Or try this, read the prompt and then go about your day, but keep the theme in your head. Maybe go listen to some music or do something else that helps stir your creative juices, then come back and try writing later. Remember, you might not have an idea right off the bat, but as the day goes on, you may just stumble across something that will click with the theme.
I started with an idea that fit the prompt, but now it's going off in another direction. What do I do?
Roll with it. The prompt is meant to be a trigger more than a topic or theme. In the end, the point is to get you writing.
Do I have to post my response by a certain day/time?
Technically no, but we recommend that writers post their responses sometime before the next Thursday. For one thing, responses posted during that week usually wind up getting more reads and comments than ones posted later. For another, having a deadline helps some people get their writing finished (or at least "finished for now") instead of getting all perfectionist, agonizing over every decision, and never finishing.
If you fall a little behind or post a little later, that's okay (I've been late with responses more than once myself), but try to get it in within the week if you possibly can.
(And since this seems to come up a lot -- responses are not considered "late" until the next prompt has been posted. You do have a full week, no matter how fast other people are!)
Okay, I'm done... but it's not very good.
Don’t worry about it. There are two very important things to remember here: One, this is an exercise, NOT a contest. And two, this is about process, not product. The point is to get you writing.
You might wind up with a scene for your current project, a new character to develop, or the makings of a finished piece. You might get one good line of dialogue or a few phrases of description. Or you might find yourself with a couple pages' worthy of the garbage can until somebody comes along, picks them out, and says, “Why’d you throw this away? It’s fantastic!” Or maybe not. That’s just how writing goes. It happens to everyone.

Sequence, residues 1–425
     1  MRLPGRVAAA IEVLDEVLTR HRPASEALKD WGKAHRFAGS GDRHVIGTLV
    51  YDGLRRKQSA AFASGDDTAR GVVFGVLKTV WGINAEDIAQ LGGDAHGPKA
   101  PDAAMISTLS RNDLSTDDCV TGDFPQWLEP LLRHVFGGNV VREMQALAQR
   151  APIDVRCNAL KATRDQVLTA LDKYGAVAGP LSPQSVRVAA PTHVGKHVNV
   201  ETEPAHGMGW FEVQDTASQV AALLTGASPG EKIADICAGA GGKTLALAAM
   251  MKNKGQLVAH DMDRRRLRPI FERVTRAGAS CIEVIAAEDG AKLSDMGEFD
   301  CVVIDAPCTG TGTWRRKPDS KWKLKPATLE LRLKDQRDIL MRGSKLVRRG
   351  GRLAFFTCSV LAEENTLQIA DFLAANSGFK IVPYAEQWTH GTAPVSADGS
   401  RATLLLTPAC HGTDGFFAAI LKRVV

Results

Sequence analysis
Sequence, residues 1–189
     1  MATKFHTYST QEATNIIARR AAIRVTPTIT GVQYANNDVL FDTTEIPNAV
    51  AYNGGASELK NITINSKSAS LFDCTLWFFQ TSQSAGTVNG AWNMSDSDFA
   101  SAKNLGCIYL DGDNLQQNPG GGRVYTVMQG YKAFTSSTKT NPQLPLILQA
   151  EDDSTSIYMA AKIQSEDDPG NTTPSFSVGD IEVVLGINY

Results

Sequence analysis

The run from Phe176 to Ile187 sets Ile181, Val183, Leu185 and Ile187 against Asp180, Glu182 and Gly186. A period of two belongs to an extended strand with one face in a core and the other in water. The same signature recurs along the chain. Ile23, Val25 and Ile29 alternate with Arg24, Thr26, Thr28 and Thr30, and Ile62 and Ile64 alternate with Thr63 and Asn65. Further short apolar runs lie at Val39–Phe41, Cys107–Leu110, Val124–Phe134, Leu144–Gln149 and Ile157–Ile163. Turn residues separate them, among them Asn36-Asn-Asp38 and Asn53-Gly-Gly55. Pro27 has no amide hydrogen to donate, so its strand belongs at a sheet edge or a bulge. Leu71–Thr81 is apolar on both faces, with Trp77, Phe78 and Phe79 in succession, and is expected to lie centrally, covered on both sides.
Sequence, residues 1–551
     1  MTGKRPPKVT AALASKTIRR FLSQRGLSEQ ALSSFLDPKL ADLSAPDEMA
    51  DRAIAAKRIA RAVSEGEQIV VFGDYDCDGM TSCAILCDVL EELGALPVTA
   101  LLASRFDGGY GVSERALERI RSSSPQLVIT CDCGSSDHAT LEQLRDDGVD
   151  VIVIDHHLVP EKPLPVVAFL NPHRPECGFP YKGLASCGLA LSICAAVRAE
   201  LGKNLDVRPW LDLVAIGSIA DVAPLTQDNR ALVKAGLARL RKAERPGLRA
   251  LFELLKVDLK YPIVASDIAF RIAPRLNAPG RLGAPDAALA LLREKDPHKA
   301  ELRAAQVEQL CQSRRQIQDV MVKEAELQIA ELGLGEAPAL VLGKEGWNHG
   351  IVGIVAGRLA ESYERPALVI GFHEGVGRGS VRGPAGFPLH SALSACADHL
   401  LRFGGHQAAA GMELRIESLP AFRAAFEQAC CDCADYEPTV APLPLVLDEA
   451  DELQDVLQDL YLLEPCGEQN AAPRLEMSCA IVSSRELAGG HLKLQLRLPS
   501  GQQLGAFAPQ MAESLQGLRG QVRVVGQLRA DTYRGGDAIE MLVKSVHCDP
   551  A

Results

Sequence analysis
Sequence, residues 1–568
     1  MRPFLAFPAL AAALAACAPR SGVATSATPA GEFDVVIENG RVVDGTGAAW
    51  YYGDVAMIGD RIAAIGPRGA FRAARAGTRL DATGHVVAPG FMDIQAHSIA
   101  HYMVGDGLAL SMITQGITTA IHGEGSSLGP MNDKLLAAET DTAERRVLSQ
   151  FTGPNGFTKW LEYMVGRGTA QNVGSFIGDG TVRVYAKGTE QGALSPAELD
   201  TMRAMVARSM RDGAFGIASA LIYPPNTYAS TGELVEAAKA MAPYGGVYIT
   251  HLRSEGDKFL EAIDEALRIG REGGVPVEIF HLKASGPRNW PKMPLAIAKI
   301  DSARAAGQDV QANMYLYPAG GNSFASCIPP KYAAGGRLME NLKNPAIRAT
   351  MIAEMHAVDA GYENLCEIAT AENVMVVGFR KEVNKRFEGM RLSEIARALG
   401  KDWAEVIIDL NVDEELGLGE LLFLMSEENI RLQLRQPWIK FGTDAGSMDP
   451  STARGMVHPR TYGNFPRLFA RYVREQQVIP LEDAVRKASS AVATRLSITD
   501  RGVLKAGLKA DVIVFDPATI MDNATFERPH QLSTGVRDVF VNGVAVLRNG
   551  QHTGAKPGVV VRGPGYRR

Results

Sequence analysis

Whatever you end up with, it's all good. This is a process; this is practice. And no time spent writing is ever wasted. As long as you’re writing, that’s all that matters.
I'm ready to share what I wrote! What do I do?
First, upload the file to Weasyl. Then be sure to go back to that week's journal entry and post a new comment giving everybody the link to your file. It’s that simple.
Um... I'm done, but what I've written is kind of personal (or, I think it's really bad). Do I have to show this to everybody?
Not if you don't want to. If you're not comfortable posting what you've written, that's okay. There are some people who get motivation from knowing that others will read their work, and there are others who can be completely paralyzed by the thought of anyone looking at their early drafts. You may even have different feelings about it week to week. It's entirely your call. Just make a comment to the journal entry saying something like "I did this week's prompt, but I'd rather not share it" -- that way, we still get an idea of who's participating.
I have something I've already posted that fits the theme. Can I just post a link to that, or do I have to write something new?
Write something new. The prompts are meant to be a writing exercise, not just a sharing of works on a theme -- again, process, not product. It's perfectly okay if the prompt inspires you to go back to a rough draft and rework it, though, or if you use the prompt as a push to finish something you've already started. If it gets you to write, that’s all that matters.
Do I have to read everybody else's responses?
It's not a requirement, but it is good karma. Besides, it's fun -- aren't you curious to see the wide variety of responses that other people came up with for the very same prompt you used? (Of course, we understand if, say, a particular response is adult in nature, and you'd rather not read adult work.)
Do I have to do this every week?
You don't have to, but it's good to try to participate every week.
One of the big benefits of doing each week's prompt is that it begins to build writing as a habit and as an everyday part of your life, instead of a frenzied creative storm you fall into once or twice a month at random or when you have a big chunk of idle time. Doing the prompt every week keeps your writing muscles limber and your writer's eyes open. But it's possible to get burned out, too, so take a break when you need one.
I missed a week! How can I catch up?
You'll find the Thursday Prompt Archives in my Scraps.
Anything else I should know?
As Poetigress so eloquently put it, “Just this: Have fun!”